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Asked by an attendant if she wants a personal invoice on a €15 purchase in a Lisbon pet shop, Lucia Miranda excitedly addresses her tiny pooch: "Do we want to win an Audi, au-au? Yes we do. Sure we want the invoice."
It may seem absurd, but the 56-year-old notary is talking sense. A state draw offering fancy cars on invoices issued with individual taxpayer numbers has firmly grabbed the attention of the Portuguese - those hopeful to win and critics alike.
On April 17, the government will give away the first two Audi A4 sedans in what will then be a weekly draw for a year.
"The Lucky Invoice" draw, which will be televised, is aimed at stimulating the fight against tax evasion and the large shadow economy in cash-strapped Portugal where the tax burden is at record levels after years of austerity.
The government says the number of such invoices jumped 45 percent in January - the first month the bills qualified for the lottery - from a year earlier to 46 million.
State Tax Secretary Paulo Nuncio told Reuters that the steep rise "shows the growing level of consumer adherence to the fight against the parallel economy." He estimated that new measures against tax evasion could add between 600 million and 800 million euros in tax revenues in the medium term.
A study by AT Kearney consultants at the end of last year showed that the shadow economy accounted for about one-fifth of Portugal's gross national product, or over 31 billion euros. At 19 percent of GDP, that was almost 7 points above western Europe's average. The study acknowledged that Portugal was a forerunner in taking measures to address tax evasion and fraud.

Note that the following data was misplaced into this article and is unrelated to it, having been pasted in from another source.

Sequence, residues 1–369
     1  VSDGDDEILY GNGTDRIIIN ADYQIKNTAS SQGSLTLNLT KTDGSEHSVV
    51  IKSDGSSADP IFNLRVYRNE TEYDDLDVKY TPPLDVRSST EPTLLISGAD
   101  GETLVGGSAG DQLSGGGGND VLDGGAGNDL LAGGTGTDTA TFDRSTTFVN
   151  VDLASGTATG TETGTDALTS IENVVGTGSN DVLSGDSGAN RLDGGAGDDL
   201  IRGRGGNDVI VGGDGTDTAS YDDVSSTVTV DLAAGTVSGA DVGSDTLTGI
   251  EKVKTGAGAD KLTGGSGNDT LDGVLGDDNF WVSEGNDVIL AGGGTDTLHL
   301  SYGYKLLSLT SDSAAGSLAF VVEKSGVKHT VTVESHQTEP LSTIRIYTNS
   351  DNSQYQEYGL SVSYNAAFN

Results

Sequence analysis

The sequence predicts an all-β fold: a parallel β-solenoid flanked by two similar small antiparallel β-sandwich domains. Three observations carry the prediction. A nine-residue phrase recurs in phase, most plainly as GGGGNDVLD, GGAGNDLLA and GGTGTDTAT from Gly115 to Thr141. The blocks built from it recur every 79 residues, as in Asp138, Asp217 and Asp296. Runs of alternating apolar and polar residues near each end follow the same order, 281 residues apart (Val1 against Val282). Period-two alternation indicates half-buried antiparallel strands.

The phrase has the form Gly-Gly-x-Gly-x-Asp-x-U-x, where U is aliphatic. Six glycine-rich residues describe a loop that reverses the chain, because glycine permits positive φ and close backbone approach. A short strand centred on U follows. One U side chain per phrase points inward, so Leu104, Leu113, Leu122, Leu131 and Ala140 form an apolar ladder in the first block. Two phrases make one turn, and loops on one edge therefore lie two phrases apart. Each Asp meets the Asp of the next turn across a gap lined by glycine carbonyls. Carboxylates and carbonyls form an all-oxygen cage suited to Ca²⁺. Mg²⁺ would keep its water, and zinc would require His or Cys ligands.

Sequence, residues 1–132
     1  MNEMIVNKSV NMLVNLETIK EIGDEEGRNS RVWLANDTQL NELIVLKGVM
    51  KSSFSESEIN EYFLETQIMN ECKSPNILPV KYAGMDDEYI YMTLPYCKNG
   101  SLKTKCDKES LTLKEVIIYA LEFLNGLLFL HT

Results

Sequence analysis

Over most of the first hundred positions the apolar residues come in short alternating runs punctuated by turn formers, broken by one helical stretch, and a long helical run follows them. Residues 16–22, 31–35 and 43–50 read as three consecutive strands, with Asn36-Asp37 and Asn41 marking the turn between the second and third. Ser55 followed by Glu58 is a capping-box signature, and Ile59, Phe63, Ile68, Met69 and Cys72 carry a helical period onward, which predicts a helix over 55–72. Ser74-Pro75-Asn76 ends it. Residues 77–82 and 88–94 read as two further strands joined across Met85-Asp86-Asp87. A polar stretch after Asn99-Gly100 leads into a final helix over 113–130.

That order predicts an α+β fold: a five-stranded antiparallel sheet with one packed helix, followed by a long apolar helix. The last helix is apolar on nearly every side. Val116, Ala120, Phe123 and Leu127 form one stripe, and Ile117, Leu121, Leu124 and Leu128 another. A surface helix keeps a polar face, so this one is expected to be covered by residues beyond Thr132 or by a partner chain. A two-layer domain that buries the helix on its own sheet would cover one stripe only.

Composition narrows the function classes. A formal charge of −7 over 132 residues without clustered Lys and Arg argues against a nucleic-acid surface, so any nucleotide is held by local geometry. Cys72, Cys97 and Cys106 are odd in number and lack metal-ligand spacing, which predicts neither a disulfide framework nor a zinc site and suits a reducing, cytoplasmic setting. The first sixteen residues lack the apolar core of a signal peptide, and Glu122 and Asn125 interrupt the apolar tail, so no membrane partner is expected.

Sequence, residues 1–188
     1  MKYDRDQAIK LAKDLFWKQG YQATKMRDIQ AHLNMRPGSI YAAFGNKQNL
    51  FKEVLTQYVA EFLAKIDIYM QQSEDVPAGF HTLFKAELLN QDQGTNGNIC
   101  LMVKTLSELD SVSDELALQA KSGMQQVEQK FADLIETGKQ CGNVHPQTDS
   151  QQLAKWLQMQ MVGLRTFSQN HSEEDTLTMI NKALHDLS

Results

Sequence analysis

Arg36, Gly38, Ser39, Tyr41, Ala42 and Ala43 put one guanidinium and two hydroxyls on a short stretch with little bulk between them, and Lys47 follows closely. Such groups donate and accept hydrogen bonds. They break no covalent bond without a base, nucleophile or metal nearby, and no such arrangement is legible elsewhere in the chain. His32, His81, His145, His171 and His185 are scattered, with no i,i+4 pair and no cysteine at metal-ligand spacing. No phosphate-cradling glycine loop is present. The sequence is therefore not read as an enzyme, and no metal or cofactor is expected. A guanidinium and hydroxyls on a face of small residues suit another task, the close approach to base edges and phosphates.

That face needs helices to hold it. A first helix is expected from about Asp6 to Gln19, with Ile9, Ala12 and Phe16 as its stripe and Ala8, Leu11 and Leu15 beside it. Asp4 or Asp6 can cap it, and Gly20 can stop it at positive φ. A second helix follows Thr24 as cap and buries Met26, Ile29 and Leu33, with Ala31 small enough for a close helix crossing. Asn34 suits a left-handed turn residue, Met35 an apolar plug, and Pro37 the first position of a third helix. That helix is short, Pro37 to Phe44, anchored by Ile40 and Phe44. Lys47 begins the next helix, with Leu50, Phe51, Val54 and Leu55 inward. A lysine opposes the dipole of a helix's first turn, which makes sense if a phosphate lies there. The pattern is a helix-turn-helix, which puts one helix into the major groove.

Other measures in Portugal include greater use of electronic invoicing, investment in technology and more tax agents, as well as small tax discounts on personal invoices, in force from last year. Electronic invoices rose 25 percent in January from a year earlier to around 365 million.
Shop and cafe attendants contacted by Reuters say they have not seen any sharp increase in personal invoicing, although hopeful clients who want to take part in the draw are not rare.
"They don't come in droves. Those who ask for the invoices usually speak about the draw half in jest, like: 'I wouldn't have enough money to service that car' or 'I'd have to sell it to pay my debts'," said Bebiana Azevedo, 44, who works in a clothes store in Lisbon.
Critics, including the consumer protection association, say the measure transforms citizens into revenue service agents and may also be used to monitor individual spending by Portuguese, while the 2 million euros worth of cars would have been better spent on social projects and not on mid-range luxury cars.
"It's a way to control people and it can give a winner more headaches than joy, especially to elderly. I prefer the normal lottery," said Armenio Coelho, a 60-year-old car mechanic.
The draw has given rise to dark humour. One popular caricature depicts a queue of people in rags waiting their turn at a soup kitchen while a loudspeaker above announces: "Will the owners of Audi A4s and A6s please move their vehicles".
Weekly draws will dish out Audi A4 cars, worth some 35,300 euros, and several special draws will offer the pricier luxury A6 that costs around 48,000 euros. The government picked the local distributor of Audis, SIVA, in a tender over the closest competitor BMW.
Customers requesting a bill with their taxpayer number on it in any business establishment automatically qualify for a draw ticket per each 10 euros worth of purchases.
They can verify on the Internet if sellers submitted their invoices to the tax authorities, and in case of any failure on the seller's behalf can submit the bills themselves.
It is that sort of citizen control of tax payments by businesses that the government wants to stimulate, according to the finance ministry, which also denied suggestions of any monitoring of private spending.